National Pecan Sandies Day comes around on June 23 every year, and whether you say it as ‘pee-can’ or ‘peh-kahn,’ we give you all the reasons to be excited about this textured, crunchy, buttery, tree nut. Also, did we mention these are a type of cookie? Cookies make everything infinitely better, so we don’t doubt that this will have you coming back for more. Firstly, what is a pecan sandy, and what’s with the name? The sandy (or ‘sablé’) is a type of sugar or shortbread cookie. The word ‘sablé’ is French, meaning ‘sandy,’ due to the crumbly texture of the cookie, which comes from the sandy, breadcrumb-like texture when mixing the flour and butter. The name also works because of the sandy color of the cookie. The traditional pecan sandy has a toasted pecan pressed into the cookie and is garnished with a flurry of powdered sugar. Furthermore, since this is a type of mildly sweet shortbread cookie, it melts in the mouth and goes amazingly with a glass of cold milk or a hot beverage like tea.
History of National Pecan Sandies Day
Though there is not much information to be found about the first time National Pecan Sandies Day was recognized as a holiday, the origins of the sandy itself can be somewhat traced. The name ‘Sandies’ was registered by the Keebler Company (an American cookie manufacturer) as a brand name in 1955, which they used for their line of shortbread cookies. They introduced the pecan sandy then and, later on, added other variations. It, therefore, seems likely that the pecan sandy was popularized by the company and perhaps that is how the sweet treat came to have a day of its own.
However, we can trace the origin of the sandy all the way back to medieval France (1670) where the ‘sablé’ (the French word for ‘sandy’) was first created in the region of Sablé-sur-Sarthe, in the western part of France. Some say that the pecan sandy originated from sweet treats of medieval Arab cuisine because, in countries like Malaysia, it is referred to as an ‘Arab biscuit’.
Other world cultures have very similar cookies to pecan sandies, which are generically called ‘snowball cookies’ and have their own specific names depending on their country of origin.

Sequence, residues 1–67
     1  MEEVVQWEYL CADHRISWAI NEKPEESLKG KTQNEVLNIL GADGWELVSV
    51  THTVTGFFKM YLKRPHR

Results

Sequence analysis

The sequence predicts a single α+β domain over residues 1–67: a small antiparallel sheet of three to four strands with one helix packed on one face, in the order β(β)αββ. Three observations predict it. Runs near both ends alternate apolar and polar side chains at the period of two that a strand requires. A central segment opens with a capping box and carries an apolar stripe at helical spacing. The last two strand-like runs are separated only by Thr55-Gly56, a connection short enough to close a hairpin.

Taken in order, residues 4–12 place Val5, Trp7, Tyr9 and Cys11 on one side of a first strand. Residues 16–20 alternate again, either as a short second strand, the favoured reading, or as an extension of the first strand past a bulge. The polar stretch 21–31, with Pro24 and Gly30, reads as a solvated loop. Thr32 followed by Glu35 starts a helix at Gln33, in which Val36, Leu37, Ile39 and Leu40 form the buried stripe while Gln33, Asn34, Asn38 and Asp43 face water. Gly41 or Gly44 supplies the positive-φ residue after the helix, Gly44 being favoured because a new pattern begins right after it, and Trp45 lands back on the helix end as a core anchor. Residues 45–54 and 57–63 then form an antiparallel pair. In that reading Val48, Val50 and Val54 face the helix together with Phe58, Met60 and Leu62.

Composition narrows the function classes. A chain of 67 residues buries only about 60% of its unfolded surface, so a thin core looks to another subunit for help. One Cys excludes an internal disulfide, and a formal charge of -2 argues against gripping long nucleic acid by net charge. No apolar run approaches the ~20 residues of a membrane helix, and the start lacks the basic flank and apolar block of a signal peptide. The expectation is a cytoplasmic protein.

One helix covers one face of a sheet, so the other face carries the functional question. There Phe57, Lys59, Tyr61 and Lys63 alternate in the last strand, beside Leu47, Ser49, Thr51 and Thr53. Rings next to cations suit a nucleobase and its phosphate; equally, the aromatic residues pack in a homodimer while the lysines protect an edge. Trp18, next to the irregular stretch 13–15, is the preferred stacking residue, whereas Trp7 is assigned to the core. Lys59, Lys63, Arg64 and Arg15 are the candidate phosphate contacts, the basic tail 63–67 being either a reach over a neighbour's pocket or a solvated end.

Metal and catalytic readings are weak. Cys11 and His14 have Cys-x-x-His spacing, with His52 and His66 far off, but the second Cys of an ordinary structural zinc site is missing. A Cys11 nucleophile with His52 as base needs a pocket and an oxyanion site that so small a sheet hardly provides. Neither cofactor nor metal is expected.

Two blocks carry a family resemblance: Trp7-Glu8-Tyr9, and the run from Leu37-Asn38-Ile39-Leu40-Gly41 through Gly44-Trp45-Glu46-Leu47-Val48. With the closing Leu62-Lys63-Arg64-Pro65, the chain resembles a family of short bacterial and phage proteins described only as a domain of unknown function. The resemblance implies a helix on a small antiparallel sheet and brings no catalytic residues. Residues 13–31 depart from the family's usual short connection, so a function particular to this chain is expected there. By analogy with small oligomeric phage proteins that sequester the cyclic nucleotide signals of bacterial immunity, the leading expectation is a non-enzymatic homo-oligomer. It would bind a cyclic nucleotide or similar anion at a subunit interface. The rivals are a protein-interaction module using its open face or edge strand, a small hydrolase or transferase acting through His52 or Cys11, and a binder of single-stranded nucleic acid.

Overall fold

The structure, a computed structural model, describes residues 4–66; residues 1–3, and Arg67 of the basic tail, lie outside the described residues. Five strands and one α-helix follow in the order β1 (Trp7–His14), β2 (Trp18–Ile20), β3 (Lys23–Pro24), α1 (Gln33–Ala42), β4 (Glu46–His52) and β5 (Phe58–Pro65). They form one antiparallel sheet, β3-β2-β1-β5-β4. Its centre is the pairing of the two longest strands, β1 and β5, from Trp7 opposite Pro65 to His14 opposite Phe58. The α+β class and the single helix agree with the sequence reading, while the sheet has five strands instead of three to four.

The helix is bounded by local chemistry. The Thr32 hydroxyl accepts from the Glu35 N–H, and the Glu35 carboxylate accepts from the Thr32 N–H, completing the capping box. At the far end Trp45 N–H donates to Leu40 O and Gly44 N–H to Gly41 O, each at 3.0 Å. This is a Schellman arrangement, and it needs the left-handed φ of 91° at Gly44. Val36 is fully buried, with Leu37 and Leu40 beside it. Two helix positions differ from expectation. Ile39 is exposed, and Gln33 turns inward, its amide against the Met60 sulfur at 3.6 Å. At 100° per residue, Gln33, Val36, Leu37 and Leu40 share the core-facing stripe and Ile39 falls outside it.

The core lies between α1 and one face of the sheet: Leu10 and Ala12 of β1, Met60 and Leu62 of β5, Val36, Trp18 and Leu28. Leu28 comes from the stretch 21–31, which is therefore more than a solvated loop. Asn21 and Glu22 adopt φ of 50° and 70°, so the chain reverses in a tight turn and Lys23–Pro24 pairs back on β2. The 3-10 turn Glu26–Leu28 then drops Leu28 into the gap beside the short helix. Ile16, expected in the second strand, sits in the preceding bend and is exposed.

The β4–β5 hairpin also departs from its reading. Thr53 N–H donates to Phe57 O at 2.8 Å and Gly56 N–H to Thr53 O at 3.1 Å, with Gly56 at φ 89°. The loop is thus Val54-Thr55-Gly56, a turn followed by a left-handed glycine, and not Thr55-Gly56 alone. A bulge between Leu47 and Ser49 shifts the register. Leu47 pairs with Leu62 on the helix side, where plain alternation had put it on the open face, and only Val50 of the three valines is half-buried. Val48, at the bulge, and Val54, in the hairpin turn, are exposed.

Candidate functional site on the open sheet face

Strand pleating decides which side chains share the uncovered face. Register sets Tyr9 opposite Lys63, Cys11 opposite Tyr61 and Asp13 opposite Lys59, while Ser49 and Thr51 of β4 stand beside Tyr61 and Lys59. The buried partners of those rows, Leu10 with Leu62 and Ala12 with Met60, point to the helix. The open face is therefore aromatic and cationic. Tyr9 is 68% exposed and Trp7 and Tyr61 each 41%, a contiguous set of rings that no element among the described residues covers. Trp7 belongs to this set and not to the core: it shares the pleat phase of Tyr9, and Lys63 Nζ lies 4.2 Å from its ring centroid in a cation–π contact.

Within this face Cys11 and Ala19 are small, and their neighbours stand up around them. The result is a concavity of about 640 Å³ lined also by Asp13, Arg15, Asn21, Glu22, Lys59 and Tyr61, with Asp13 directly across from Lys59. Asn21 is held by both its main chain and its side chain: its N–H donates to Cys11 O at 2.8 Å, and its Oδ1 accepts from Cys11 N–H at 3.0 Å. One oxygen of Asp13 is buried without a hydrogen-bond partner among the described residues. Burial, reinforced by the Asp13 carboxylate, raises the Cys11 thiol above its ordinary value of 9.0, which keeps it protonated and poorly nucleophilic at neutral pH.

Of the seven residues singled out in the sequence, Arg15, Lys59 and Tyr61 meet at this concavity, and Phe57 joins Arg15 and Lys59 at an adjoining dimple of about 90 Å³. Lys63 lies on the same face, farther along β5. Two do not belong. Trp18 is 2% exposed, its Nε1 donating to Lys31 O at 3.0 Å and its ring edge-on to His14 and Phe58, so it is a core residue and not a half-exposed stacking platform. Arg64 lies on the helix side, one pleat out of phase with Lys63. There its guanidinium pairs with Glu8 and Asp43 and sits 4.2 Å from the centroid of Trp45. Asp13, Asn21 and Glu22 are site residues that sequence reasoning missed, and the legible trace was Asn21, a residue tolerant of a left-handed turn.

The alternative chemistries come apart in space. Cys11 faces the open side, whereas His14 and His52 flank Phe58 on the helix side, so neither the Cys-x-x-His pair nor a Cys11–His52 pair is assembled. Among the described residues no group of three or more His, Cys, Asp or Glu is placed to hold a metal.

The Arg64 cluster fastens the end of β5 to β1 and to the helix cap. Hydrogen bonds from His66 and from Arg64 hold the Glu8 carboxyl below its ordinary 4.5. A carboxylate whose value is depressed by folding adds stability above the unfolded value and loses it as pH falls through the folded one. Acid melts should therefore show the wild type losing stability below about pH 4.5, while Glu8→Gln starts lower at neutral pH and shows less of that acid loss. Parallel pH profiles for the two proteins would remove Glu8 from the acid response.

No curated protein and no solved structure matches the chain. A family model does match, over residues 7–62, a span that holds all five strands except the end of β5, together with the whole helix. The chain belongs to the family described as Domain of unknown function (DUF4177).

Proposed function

Differing from pecan sandies only in shape, snowball cookies are rolled into balls and doused with powdered sugar (resembling snowballs — hence the name) and contain pecans as part of the dough. They are also known as ‘Mexican wedding cookies,’ ‘Russian tea cakes,’ and ‘Danish wedding cookies.’ Whatever the country of origin, though, we are sure glad they exist, and that they continue to be a favorite for people around the globe.
National Pecan Sandies Day timeline
Spanish explorers discover pecans and name them ‘nuez de larruga’ (‘wrinkle nuts’).
In Sablé-sur-Sarthe, the pecan sandy is born.
Texas decides to make the pecan tree its state tree.
The Keebler Company registers Sandies as the brand name for their cookies.
National Pecan Sandies Day FAQs
What makes a cookie a sandy?
Making cookies with dry dough and less sugar is what can make them have a crumbly, soft texture that is reminiscent of sand (both in look and texture). Also, cookies that have a higher fat content (i.e. plenty of butter), when creamed with sugar, tend to be airier and therefore they have a lighter mouthfeel. The crumb is not as densely packed as cookies with a wetter dough or less fat content.
Why are they called thumbprint cookies?
Thumbprint cookies are named so because of the technique used to create them. When the dough is rolled into a ball and then flattened a little bit, you press your thumb into the center in order to make a little depression into which something like a pecan, piece of candy, or fruit can be placed. Thumbprint cookies are also known as ‘hallongrotta,’ which means ‘raspberry cave’ in Swedish. Thus, a traditionally made pecan sandy would also count as a thumbprint cookie because of the pecan pressed into the cookie.